On Mother’s Day 2015, Iva Johnson, a member of the Navajo Nation living off reservation in Flagstaff, Arizona, suffered a heart attack and fell into a coma. When she opened her eyes days later, she saw two unfamiliar women sitting at the end of her bed.
“I was trying to focus, and I was thinking to myself, ‘Oh my gosh, did I die?’” she said.
The women explained they were caseworkers from Arizona’s Department of Child Safety (DCS) and would be removing three of Johnson’s children from the home because there was no one to care for them.
Johnson wanted to tell them that the oldest child, 21 and a legal adult, lived at home and could look after her siblings, but breathing and nose tubes prevented Johnson from speaking.
“All I could do was shake my head ‘no,’” said Johnson. “That’s when one of the ladies turned around and pulled out this little ink pad. And she dabbed my thumb into that inkpad, and she smacked it on that paper. And then she said, ‘Well, we’re going to leave you now. We hope you get better soon.’”
Three years of court battles followed before Johnson was reunited with her children. They had been rotated, separately, from one non-Native foster home to another.
It was to prevent situations like this that Congress passed the 1978 Indian Child Welfare Act (ICWA), after learning that as many as one-third of all Native American children had been taken from their families and placed in non-Native homes.
Law under threat?
ICWA outlines a set of standards for such removals.
“Before you can place an Indian child in a non-Indian home, you have to first look for another member of the immediate family, then another member of the tribe, then another Indian family before you can place that child in a non-Indian home,” said Stephen Pevar, an American Civil Liberties Union senior staff attorney who works in its Racial Justice Program.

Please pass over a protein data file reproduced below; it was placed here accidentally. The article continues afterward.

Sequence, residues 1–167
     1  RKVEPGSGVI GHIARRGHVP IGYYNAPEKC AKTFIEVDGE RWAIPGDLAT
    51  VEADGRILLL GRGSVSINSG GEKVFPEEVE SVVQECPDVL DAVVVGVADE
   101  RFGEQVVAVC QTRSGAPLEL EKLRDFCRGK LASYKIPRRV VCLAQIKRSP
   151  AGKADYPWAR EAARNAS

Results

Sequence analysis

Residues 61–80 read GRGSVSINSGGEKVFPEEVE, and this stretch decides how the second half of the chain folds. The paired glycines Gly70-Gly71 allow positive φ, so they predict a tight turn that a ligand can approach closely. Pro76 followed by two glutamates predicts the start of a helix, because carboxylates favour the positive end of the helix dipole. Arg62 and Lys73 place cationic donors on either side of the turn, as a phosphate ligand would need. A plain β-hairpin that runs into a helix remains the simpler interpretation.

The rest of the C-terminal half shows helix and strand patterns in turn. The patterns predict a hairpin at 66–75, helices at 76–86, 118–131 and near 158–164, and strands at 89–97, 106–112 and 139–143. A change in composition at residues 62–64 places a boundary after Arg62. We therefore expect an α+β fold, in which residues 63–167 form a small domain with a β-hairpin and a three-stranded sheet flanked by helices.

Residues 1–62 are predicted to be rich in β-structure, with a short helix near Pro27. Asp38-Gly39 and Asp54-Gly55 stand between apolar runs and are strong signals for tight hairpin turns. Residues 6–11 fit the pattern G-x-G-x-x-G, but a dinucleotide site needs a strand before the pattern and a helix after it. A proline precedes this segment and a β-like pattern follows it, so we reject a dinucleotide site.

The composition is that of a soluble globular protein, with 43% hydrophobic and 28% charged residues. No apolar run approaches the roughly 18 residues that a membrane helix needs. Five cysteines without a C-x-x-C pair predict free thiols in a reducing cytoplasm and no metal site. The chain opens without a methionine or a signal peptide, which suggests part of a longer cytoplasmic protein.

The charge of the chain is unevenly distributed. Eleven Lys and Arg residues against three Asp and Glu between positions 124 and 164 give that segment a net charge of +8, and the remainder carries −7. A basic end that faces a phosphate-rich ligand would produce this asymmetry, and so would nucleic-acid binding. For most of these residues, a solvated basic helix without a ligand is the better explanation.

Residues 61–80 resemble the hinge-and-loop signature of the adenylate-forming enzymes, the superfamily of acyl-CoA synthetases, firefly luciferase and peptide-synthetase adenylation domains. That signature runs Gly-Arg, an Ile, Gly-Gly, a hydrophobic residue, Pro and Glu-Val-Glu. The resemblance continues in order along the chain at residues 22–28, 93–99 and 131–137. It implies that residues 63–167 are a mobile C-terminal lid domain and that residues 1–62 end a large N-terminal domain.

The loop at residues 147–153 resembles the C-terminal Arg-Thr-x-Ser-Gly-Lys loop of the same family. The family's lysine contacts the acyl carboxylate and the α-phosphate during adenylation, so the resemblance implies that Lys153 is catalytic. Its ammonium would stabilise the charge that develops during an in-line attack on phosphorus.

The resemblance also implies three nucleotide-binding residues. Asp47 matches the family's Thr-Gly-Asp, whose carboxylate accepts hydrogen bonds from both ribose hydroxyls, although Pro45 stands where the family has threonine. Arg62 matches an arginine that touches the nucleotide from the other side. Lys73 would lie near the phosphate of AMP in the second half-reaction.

Johnson states that Arizona’s DCS failed to follow procedure. The office did not respond to VOA’s request for comment.
Today, like many Native Americans, Johnson worries that two recent court decisions could pave the way for many more parents to lose their children.
On Oct. 4, Judge Reed O'Connor in the Northern District of Texas federal court struck down the ICWA as “unconstitutional," saying it discriminates against non-Native couples looking to adopt Native children.
The lawsuit was filed by a group of parents and attorneys with the support of the Goldwater Institute (GI), a libertarian research group based in Arizona. In a brief filed in support of the Texas plaintiffs, Goldwater attorneys argued that ICWA imposes restrictions based on race, not the best interests of Indian children. Further, Goldwater said the ICWA is a federal government attempt to intrude on matters that should be decided by the state.
In a statement on its website, the institute said it remains committed to ensuring that Native American children are no longer denied "the same strong protections against abuse and neglect" that children of other races already enjoy.
File photo shows Cherokee tribe members protesting the adoption of a 3-year-old Cherokee girl by a non-Native couple, Wednesday, Aug. 14, 2013 in Tulsa, OK.
Most tribes see the ruling as an extension of decades of U.S. assimilation policy that nearly cost tribes their cultures, and tribes look to youth to preserve future cultures.